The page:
During these times of wild market gyrations and generally lower investment returns, miniscule dividend yields on common stocks and meager CD rates, many individuals have become drawn to preferred stocks. This attraction is largely based upon the comparatively higher dividend yields of preferred stocks. Preferred stockholders not only receive their dividends before common stock investors but they are also next in line behind bondholders entitled to claim a share of a company’ financial assets in the event of dissolution. Quite a few people are jumping on the preferred stock bandwagon without taking the time to educate themselves about this complex investment vehicle. Many financial advisors will honestly say that preferred stocks are not for the “average” investor. Preferred stocks can be highly risky investments and require extensive knowledge and monitoring. A lot of people are also thrown off by the large amount of terminology associated with preferred stocks. What’s even more confusing is that there are different types of preferred stocks. Well, what is a preferred stock?
A preferred stock can be regarded as a hybrid in that it has the features of both an equity and debt security. It is an equity security because it does represent ownership in a company. It has the characteristic of a bond since it is issued as a fixed-income security which pays a fixed dividend. Although, the price of the preferred stock tends to fluctuate with changes in the interest rate, it can also be affected by the issuing company’s business performance and credit rating. However, unlike common stock, preferred stock does not confer voting rights. Some preferred stocks are issued as adjustable-rate. The dividend rate is tied to the benchmark interest rate such as Treasury bills and money market rates. Because the payment is tied to current interest rates, the price of the stock tends to be somewhat stable.
Companies typically issue preferred stock in order to raise capital. There are several types of preferred stock:
Convertible Preferred: Allows the stockholder to exercise the option of converting preferred stock into a specified number of common stock shares.
Cumulative Preferred: Refers to the accrued dividend payments that are owed to the preferred stockholders in the event that the company might have to suspend or even reduce its dividend payout. The preferred stockholders will receive the current dividends along with any dividends from the past. These dividends are always paid to preferred shareholders before common stock shareholders.
Participating Preferred: Preferred shareholders will receive the regular, stated dividend along with a share of the corporate profits. The percentage of profit varies. For example, XYZ stock has a stated preferred yield of 4% with a participating preferred yield to 8%. The corporation can issue an additional 4% in dividends if the board decides to exercise this option.
Callable Preferred: Is sometimes referred to as redeemable preferred. This type of investment allows the corporation to buy back the stock from investors at certain price after a specified date. This can enable the company to subsequently issue a new preferred dividend obligation which is lower.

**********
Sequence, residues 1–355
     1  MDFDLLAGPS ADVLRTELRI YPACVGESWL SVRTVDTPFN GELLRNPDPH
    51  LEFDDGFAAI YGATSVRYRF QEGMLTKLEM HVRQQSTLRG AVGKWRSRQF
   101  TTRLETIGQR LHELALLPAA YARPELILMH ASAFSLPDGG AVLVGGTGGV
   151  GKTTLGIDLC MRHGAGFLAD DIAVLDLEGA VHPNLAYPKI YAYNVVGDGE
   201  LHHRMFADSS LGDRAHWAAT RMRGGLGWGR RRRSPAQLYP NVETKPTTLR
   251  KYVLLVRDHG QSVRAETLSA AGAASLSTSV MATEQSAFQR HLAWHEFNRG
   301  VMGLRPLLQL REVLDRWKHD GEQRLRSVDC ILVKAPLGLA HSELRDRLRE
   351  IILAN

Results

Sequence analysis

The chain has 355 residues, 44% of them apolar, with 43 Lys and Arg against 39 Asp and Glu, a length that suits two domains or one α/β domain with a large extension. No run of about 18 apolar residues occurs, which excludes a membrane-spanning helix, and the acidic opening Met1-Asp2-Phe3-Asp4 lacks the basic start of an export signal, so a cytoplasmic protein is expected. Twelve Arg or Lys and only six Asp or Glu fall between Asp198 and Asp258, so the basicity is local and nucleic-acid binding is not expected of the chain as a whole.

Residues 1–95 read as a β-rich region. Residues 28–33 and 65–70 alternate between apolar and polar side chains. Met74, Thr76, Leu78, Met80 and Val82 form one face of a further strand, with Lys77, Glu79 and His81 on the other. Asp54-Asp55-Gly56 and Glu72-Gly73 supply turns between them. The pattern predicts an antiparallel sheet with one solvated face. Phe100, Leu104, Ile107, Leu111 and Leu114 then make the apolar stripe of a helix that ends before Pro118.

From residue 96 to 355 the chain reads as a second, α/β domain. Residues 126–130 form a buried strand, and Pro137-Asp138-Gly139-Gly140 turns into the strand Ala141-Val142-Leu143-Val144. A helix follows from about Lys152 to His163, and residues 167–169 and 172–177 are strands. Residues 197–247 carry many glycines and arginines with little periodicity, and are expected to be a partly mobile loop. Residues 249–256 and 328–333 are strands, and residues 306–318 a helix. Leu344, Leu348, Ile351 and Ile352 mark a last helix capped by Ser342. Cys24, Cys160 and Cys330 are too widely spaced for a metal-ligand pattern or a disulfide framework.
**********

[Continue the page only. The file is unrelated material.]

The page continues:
Non-cumulative: This is sometimes referred to as straight preferred. Only the stated dividends are paid. Shareholders will not receive the missed dividends.
Preferred stocks are alluring to income investors because of the higher dividend. Long maturity dates usually mean a higher yield. Broadly speaking, preferreds do not have a fixed maturity date, unlike bonds. It is, in a sense, a perpetual security. The relatively low market volatility of preferred stocks does not mean that they are immune to risk. They are particularly vulnerable to call risk, interest rate risk and liquidity risk. As is the case with common stock dividends, a company can also suspend the payment for preferred dividends. Another drawback to preferreds is that they do not offer the potential for capital appreciation that common stocks hold.
Aside from purchasing individual preferred stocks, it is also possible to buy an ETF which exclusively invests in preferreds. Preferred stock mutual funds, which are classified as closed-end, have a limited number of shares and trade in the open market, present another alternative. There are very few open-end preferred stock mutual funds. Potential investors should be wary of the fact that fund performance is only one variable which requires careful scrutiny. Closed-end and open-end preferred stock mutual funds are subject to investment risk, fees and commissions. Open-end mutual funds, particularly those in the more conservative asset allocation, balanced, equity-income, growth and income and lifecycle categories, may hold a small percentage of total assets in preferred stocks. Convertible mutual funds, in addition to holding convertible bonds, may also include convertible preferred stocks in their portfolio.
For informational purposes only and not intended as advice or recommendation. Every attempt is made at accuracy, however, the author does not claim that the content is free of factual errors.